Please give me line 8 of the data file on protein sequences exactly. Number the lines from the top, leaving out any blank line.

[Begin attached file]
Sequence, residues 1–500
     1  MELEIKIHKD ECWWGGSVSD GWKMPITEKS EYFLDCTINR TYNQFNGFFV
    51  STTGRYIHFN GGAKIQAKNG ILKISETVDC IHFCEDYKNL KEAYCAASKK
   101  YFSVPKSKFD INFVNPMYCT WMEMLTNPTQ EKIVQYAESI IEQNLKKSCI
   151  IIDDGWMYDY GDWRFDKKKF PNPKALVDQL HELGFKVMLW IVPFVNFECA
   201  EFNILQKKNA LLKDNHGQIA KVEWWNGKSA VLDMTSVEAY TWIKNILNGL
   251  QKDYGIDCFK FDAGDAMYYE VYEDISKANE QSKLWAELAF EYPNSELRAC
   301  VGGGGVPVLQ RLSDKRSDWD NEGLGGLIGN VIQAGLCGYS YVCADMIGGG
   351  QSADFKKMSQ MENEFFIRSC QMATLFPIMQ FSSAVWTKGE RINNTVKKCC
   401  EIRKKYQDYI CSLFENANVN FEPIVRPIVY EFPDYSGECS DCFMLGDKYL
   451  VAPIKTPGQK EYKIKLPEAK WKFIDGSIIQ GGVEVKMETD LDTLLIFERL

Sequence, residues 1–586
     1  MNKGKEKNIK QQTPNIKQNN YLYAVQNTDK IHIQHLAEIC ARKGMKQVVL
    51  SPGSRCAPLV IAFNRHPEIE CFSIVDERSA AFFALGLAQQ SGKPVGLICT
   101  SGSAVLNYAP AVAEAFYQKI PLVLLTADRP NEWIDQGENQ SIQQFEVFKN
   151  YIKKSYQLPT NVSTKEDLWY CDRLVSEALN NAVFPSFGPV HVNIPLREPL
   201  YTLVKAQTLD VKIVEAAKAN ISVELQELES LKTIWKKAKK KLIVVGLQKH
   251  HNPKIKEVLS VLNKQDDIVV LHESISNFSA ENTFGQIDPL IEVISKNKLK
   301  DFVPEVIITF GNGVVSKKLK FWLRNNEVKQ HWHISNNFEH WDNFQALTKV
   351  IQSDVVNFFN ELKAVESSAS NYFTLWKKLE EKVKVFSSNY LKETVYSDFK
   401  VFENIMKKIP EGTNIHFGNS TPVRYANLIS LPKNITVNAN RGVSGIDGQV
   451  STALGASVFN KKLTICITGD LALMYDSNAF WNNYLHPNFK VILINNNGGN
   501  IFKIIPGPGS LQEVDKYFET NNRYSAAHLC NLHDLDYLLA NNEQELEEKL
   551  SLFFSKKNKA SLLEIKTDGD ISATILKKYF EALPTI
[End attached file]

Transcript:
   301  VGGGGVPVLQ RLSDKRSDWD NEGLGGLIGN VIQAGLCGYS YVCADMIGGG